Dart Center Executive Director Bruce Shapiro offers advice to journalists.
It takes a a single phone call, a single alert on a police scanner, a single wire-service bulletin bearing word of catastrophe to upend the well-ordered chaos of a newsroom.
In Minneapolis last week, it was the interstate highway collapse. Suddenly local print and broadcast journalists tore up their plans for the coming week, and threw themselves at a horrific scene whose basic facts were still far from clear.
It was the same, just a few months ago, for reporters in Virginia. Though the incident itself was different — and the body count thankfully lower — the Minneapolis bridge collapse recalls the Virginia Tech shootings and the intense pressures on hometown journalists to get the story right; the shocking and urgent accounts of survivors and witnesses; the almost instant deluge of national news teams; and the certainty that this single event would dominate the lives of local journalists — and their community — for weeks, months or longer.
Two months after the Virginia Tech shootings, some 60 reporters and editors who'd covered that story gatheredbat the invitation of the Virginia Press Association to talk privately about their coverage.
In workshops in Roanoke and in Richmond facilitated by the Dart Center, these journalists discussed what went right and what went badly, their ethical quandaries and news choices. And they agreed to go on-the-record about lessons learned from Virginia Tech — lessons that would apply not just to another university shooting but to any other large-scale catastrophe.
A few of their lessons:
— Send a message from the top: Take care of yourself. On a large-scale breaking news story it makes a difference when top a newsroom leader — an editor or news director — reminds journalists of the need for sleep, breaks, and other self-care steps. This isn't just a matter of occupational health but of preserving news judgement and the capacity to stay on the story for the long haul.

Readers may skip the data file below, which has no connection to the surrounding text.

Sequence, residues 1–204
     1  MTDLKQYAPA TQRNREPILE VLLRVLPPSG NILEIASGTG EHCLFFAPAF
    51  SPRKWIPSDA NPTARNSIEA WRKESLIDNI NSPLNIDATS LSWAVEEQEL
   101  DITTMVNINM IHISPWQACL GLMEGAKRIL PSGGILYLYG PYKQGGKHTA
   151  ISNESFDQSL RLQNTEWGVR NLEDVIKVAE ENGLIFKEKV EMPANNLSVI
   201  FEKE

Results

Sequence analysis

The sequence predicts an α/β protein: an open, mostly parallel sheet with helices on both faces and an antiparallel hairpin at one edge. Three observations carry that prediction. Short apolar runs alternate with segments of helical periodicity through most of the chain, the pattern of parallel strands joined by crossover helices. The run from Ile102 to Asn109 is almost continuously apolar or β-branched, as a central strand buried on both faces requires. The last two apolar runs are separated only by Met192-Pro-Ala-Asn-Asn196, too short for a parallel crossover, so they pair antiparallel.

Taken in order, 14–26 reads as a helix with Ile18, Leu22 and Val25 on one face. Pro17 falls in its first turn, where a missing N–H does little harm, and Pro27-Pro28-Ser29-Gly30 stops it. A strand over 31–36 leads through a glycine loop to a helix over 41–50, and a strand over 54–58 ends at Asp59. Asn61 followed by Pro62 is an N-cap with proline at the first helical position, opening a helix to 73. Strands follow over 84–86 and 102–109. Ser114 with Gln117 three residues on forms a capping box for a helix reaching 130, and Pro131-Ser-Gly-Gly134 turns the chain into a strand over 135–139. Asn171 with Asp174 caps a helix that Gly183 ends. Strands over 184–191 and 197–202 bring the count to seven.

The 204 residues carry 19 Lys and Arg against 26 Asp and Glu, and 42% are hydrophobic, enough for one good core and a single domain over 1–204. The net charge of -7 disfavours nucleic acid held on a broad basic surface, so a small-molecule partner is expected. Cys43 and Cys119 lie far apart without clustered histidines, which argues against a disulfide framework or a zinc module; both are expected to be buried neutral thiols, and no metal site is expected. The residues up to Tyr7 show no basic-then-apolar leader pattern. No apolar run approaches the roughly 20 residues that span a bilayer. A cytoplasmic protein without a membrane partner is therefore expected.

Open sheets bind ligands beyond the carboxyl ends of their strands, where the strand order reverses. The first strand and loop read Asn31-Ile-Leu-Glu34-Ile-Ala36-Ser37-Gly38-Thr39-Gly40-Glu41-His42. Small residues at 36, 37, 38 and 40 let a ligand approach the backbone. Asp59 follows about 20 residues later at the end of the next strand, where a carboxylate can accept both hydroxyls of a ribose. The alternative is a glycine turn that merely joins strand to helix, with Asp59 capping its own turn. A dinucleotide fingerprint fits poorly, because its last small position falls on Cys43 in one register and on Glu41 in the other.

— Have a trusted editor on the scene. The Richmond Times-Dispatch sent a highly-regarded desk editor to join its reporters on the ground at Virginia Tech. The result: better communication, and a greater willingness by editors back in Richmond to hear reporters' concerns.
— Trust your news judgement and ethics, and be strong enough to say no. Some wire-service editors and broadcast producers far from the Virginia Tech campus demanded intrusive or exploitative interviews. Whatever the competitive national media may be doing, remember that you must retain the trust of your local community.
— Plan ahead: Have a big-story coverage strategy. Reporters at both the Richmond Times-Dispatch and Roanoke Times agreed that it would have made a difference — on everything from communications to deployment of reporters — for their newsrooms to have prepared for being in the middle of a community catastrophe and a national story.
— Don't chase every detail. Once the national press lands, rumors and false leads abound. Local news teams can and should make their coverage decisions and stick to them.
— Make non-traditional assignments. Remember that an education reporter, a business journalist, and an arts writer can bring a fresh eye and perspective to a critical breaking story. A catastrophe is by nature an unconventional event; don't be trapped by conventional beats and expectations.
— You are part of this story: Don't forget what it feels like. For local journalists, an event like the Virginia Tech shootings inevitably resonates with family, friends and neighbors. Many reporters in Virginia described their embarrassment and shame at intrusive and unethical national reporters. Remembering those feelings will ensure more responsible coverage of victims and survivors in day-to-day news as well as large-scale events.